Four phenylethanoid glucosides have been isolated from B. officinalis flowers; one of these, verbascoside (= acetoside), showed antibacterial and anticancer activities, and is also known to exhibit antihypertensive and analgesic activities. Several flavonoid compounds (e.g. apigenin, luteolin and luteolin-7-O-glucoside) have been isolated from B. officinalis . A 70% methanolic extract of B. officinalis flowers showed an inhibitory effect on unpurified rat lens aldose reductase, an enzyme involved in the complications of diabetes. Luteolin, luteolin-7-O--D-glucopyranoside, apigenin and acacetin-7-O--L-rhamnopyranosyl-(6-1)--D-glucopyranoside have been isolated as active compounds.
Aqueous extracts of several Buddleja species (amongst which B. officinalis ) showed an inhibitory effect against induced cytotoxicity of cultured hepatocytes. Testing of the isolated compounds indicated that the activity is most likely due to flavonoid constituents and phenylpropide glycosides.
A shrub or small tree up to 7 m tall; branches terete, densely appressed or woolly stellate-hairy when young. Leaves opposite, simple, narrowly lanceolate to oblong- or ovate-lanceolate, 3-30 cm × 0.5-7 cm, cuneate at base, long-acuminate at apex, margin remotely serrate-dentate to entire, densely hairy beneath, pinnately veined; petiole 2-15 mm long; stipules absent, but 2 opposite petioles connected by a stipular line. Inflorescence a terminal and/or axillary spike-like thyrse up to 25 cm long, composed of 1-3-flowered cymes in the axils of linear bracts, densely tomentose. Flowers bisexual, 4-merous, occasionally a few 5-merous, sessile or subsessile; calyx campanulate, 1.5-4.5 mm long, with triangular-oblong lobes; corolla 3-6 mm long, lobes distinctly shorter than tube, outside stellate-hairy, white, sometimes pale violet or greenish; stamens inserted on the corolla tube, filaments extremely short; ovary superior, 2-celled, style short, stigma club-shaped. Fruit an ovoid or oblong, flattened capsule 3-5 mm long, 2-valved, glabrous, brown, many-seeded. Seeds ellipsoid, small, with a short wing at both sides, endosperm fleshy.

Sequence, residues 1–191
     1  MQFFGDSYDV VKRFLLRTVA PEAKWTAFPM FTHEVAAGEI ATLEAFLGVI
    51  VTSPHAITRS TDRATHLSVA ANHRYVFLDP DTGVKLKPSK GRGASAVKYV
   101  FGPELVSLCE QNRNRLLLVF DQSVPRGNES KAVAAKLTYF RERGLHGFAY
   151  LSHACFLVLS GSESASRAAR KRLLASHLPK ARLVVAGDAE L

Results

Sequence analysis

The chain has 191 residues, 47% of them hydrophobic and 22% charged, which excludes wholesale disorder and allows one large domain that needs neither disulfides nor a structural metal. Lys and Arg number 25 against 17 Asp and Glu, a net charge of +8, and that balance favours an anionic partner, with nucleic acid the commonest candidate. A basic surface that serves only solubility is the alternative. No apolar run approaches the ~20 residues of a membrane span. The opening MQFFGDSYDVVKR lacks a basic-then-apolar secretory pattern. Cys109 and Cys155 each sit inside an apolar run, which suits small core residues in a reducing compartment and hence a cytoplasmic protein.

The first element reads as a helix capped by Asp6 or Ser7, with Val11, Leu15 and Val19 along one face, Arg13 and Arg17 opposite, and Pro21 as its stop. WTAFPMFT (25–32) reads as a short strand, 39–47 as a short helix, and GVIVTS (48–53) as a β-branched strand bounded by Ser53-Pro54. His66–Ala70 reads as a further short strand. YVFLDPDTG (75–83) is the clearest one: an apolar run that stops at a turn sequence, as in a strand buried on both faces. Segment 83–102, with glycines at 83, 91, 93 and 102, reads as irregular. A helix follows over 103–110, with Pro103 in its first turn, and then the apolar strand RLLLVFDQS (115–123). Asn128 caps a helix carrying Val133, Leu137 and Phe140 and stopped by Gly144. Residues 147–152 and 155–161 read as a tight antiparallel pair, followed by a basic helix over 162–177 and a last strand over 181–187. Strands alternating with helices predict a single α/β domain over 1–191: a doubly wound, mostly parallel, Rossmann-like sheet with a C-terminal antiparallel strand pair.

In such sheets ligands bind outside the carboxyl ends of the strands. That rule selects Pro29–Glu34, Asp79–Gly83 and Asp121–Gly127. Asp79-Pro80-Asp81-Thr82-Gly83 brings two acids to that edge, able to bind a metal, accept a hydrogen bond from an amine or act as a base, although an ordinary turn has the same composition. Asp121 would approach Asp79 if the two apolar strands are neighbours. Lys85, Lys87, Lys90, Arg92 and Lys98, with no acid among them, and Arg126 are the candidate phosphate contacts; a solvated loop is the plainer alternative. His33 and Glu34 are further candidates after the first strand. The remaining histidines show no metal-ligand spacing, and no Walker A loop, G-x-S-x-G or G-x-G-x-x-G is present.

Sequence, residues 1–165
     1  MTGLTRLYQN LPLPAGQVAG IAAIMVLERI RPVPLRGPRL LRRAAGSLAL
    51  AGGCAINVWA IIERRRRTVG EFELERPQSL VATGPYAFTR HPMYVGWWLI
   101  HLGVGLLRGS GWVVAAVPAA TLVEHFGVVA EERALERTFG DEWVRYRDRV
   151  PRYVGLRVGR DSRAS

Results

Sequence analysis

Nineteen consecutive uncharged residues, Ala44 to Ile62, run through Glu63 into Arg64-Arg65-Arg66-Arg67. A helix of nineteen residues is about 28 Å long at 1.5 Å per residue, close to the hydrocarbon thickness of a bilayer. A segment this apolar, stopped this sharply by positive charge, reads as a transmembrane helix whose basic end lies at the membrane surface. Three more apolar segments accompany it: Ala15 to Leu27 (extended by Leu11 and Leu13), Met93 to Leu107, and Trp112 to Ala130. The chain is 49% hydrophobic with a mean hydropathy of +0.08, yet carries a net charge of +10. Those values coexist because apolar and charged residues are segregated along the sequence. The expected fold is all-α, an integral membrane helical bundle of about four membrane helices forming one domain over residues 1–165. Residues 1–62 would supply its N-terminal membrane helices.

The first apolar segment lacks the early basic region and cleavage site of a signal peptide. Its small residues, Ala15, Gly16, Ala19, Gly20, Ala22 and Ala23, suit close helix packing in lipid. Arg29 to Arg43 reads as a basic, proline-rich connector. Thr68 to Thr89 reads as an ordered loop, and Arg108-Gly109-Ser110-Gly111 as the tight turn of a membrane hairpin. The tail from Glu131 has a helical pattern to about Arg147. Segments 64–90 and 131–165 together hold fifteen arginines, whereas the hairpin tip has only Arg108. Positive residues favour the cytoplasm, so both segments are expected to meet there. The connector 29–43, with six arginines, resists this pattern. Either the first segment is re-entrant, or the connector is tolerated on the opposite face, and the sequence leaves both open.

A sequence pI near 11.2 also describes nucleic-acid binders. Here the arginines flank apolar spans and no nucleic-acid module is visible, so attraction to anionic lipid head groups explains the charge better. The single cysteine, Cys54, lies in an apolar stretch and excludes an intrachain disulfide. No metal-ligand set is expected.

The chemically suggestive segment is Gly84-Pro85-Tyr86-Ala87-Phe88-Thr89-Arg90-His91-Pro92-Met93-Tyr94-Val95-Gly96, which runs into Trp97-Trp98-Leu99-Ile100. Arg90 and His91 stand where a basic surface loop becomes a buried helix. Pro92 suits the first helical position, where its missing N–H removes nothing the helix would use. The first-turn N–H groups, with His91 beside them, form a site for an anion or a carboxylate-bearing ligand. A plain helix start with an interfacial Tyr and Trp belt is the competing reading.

B. asiatica may flower throughout the year. The flowers are pollinated by insects, whereas the tiny seeds are wind-dispersed.
Buddleja comprises approximately 100 species, and is distributed in all tropics and subtropics. It is sometimes included in the family Loganiaceae .
B. asiatica prefers open, often disturbed or secondary vegetation, and behaves more or less as a pioneer. It is found in logged-over forest, regularly burned grassland, in gravel-beds, and on former lava-streams and landslides, and occurs there often gregariously. It may be found up to 3000 m altitude.
Management Seeds of B. asiatica start germinating 1-2 weeks after sowing. In glasshouse tests in India, the average germination rate was 21%. After 4 months, the average height and stem diameter of seedlings were 27 cm and 0.4 cm, respectively. B. asiatica can also be propagated using semi-hardwood cuttings.
B. asiatica is widespread, locally common and prefers disturbed habitats. This means that there is no risk of genetic erosion.
Like other Buddleja species, B. asiatica shows interesting pharmacological activities (e.g. antifungal activity), which deserve more attention in research. Especially the treatment of skin and eye diseases should be further investigated. In India, B. asiatica has been suggested as a promising shrub for regreening degraded habitats.
247, 270, 671, 760, 866, 958.
Other selected sources
250, 269, 370, 371, 603.